THE TRUTH ABOUT RECRUITERS… AND WHY YOU’RE NOT GETTING THE RESPONSE YOU THINK YOU SHOULD BE…22
With over 80 years of combined experience in the recruiting world, our team knows a thing or two about how this industry works. This has given us a front row seat to the misunderstandings and misconceptions associated with it, as well. So, we want to clear a few things up…
Recruiter vs Executive Search Firm vs Staffing Agency
There are three most commonly used titles in the recruiting world. It’s important to understand which you are working with because it will impact the service and results you can expect. In fact, if you are working with the wrong one, your chances of finding a job could be severely hindered!
A recruiter can be independent or work for a recruiting firm. Their job is to source and identify candidates for open jobs at any level. Organizations enlist a recruiter because they lack an internal recruiter or the pool of qualified candidates is small due to specialization or current employment rates.
An executive search firm is comprised of a team of recruiters (large or small) who primarily recruits professionals at the executive and mid-level. Many executive search firms have a specific niche or focus. For example, TurningPoint’s primary focuses are Sales, Marketing, Operations, and Leadership roles. They may also be referred to as a search firm, headhunters, or a recruiting company. The key differentiator between a recruiter and an executive search firm, is the level of candidate they are sourcing.
The third type of recruiting title is a staffing agency. These organizations tend to be much larger in size and are predominantly focused on recruiting temporary junior to mid-level professionals.
Important Note: Regardless of the type of recruiter you are working with, one key factor remains the same if you are the candidate… the recruiter is hired and paid by the organization who is seeking assistance to fill a role within their company. When a recruiter engages you in the search process, they still do not work for the applicant. Ideally, s/he is a professional and will facilitate honest and consistent communication; but ultimately, s/he follows the direction of and answers to the paying client.
Applicant Tracking System
As a job seeker, an ATS is your friend not your enemy! An Applicant Tracking System is a computerized software tool used to maintain and manage applicants. Typically, they filter applications based on given criteria such as keywords, skills, former employers, years of experience and schools attended.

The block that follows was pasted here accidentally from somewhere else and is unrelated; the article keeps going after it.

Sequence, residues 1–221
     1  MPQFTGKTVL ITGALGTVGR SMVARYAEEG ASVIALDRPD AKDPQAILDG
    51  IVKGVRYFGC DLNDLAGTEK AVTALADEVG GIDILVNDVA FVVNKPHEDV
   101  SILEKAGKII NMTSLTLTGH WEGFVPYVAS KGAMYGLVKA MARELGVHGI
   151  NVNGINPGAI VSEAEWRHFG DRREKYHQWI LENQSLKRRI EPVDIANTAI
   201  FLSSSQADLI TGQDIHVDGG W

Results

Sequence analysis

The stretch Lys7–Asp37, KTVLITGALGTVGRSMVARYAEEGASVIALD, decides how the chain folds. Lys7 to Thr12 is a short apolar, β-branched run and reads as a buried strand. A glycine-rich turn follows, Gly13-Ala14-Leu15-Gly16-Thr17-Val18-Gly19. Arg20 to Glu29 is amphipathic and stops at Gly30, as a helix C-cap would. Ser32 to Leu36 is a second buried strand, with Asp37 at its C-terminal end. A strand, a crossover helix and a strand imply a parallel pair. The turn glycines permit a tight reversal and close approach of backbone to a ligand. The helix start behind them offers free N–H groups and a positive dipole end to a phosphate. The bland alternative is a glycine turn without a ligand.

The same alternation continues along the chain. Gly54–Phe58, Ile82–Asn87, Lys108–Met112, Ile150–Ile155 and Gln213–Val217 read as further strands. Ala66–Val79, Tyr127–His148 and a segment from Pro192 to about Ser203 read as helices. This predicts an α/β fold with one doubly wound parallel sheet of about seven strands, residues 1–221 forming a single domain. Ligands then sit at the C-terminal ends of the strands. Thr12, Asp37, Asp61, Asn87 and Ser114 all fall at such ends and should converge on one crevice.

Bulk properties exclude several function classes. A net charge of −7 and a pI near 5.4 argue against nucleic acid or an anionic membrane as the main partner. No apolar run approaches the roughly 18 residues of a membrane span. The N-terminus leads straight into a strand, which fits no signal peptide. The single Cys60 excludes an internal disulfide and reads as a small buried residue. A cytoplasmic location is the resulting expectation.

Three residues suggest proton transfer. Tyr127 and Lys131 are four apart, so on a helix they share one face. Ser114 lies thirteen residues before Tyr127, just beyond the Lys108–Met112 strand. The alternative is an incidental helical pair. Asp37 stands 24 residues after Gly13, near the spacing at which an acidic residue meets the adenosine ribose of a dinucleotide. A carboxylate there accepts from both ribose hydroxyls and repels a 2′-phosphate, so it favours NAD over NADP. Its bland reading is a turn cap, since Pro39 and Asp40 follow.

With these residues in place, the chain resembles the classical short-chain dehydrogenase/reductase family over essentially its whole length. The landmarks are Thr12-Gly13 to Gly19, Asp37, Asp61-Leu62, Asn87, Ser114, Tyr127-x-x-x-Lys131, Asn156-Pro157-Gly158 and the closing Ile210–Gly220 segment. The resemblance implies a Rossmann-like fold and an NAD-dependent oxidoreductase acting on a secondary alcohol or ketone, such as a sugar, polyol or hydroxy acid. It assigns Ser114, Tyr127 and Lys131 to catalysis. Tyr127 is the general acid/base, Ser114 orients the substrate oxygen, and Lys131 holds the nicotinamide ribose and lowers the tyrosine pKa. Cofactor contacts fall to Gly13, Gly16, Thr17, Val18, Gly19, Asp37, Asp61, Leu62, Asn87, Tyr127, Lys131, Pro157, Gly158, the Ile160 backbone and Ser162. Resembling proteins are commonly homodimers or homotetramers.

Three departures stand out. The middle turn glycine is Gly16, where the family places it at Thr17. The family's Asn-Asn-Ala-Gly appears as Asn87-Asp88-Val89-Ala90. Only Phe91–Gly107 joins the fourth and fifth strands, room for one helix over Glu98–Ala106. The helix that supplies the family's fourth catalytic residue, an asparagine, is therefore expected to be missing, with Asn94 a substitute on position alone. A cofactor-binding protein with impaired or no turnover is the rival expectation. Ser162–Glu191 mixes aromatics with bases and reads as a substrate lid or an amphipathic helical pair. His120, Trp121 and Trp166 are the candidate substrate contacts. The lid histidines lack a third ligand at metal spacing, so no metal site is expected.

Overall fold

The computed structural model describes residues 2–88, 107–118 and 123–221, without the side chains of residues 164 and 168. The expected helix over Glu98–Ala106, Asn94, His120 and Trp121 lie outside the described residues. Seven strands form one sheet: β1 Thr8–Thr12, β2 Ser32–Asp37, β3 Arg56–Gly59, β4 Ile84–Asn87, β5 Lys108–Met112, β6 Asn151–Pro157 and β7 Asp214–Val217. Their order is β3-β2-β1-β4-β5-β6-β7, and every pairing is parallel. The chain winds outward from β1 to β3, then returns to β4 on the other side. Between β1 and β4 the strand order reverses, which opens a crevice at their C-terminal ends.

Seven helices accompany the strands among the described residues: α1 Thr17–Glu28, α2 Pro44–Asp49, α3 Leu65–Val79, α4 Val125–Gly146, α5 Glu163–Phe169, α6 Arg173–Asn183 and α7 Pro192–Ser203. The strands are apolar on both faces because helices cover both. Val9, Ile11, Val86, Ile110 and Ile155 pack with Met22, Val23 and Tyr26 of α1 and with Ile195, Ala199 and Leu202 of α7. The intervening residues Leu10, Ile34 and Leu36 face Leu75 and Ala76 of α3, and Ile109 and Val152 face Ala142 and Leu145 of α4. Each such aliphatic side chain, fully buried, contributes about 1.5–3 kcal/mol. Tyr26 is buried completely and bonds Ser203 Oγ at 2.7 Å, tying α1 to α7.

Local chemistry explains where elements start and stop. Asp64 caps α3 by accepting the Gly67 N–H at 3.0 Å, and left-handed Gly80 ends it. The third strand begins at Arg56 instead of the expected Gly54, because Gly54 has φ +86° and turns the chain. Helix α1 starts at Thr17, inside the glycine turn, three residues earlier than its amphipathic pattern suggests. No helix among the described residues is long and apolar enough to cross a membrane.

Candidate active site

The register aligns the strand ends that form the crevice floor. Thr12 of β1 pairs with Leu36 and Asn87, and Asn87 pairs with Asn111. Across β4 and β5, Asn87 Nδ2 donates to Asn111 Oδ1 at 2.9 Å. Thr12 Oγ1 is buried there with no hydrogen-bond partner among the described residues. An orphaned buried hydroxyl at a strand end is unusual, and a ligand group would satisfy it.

The ATS can increase your chances of making it through the first round of resume screens if you take advantage of it. Before you submit your resume, thoroughly study the job description. In there, you will find the types of skills, titles, experience, certifications, the organization is looking for. It is safe to assume their ATS is also looking for those things. Tailor your resume to include them – as long as you’re telling the truth! This makes it highly likely your resume will move forward in the screening process.
The reliability rate of an ATS is pretty high. So, it’s safe to assume your resume was received. You do not (and should not) resubmit your resume multiple times! If you have not gotten a follow up phone call or email after the first submission, it’s safe to assume you were not a fit for the role. However, if you want to send a very short message asking for confirmation that it was received, that’s fine. However, do NOT ask to have a conversation/interview simply to repeat everything about your background that already showed up on your resume. If they confirm that it was received, thank them and let them know you look forward to hearing from them. The End.
Recruiters Aren’t Magicians
It goes without saying that recruiters wear many hats. Unfortunately, they can rarely pull a rabbit out of one.
We do our best to identify and engage top professionals who possess the skills, experience, and grit our clients are looking for. Our experience allows us to see “outside the box” and tap into our exclusive network of candidates others never knew were out there. We may know of a diamond in the rough who doesn’t appear to hit the mark on paper but is exactly who our client is looking for. However, there’s only so much we can do because we work for the client. Companies do not hire search firms to present candidates who are “fast learners”, trying to change careers, or switching to a completely different industry. We appreciate that you are a dynamic professional who can adapt, but organizations have limits on the risks they are willing to take.
In every industry, there is a spectrum professionalism. Recruiting is no different. There will be some who go radio silent and leave you hanging, wondering if you’re still a viable candidate for the role you really want. There will be others, like our team, who are transparent about the process and pride themselves on keeping open lines of communication. Understanding some of the ins and outs of recruiting will help you set the right expectations and know when to seek help elsewhere.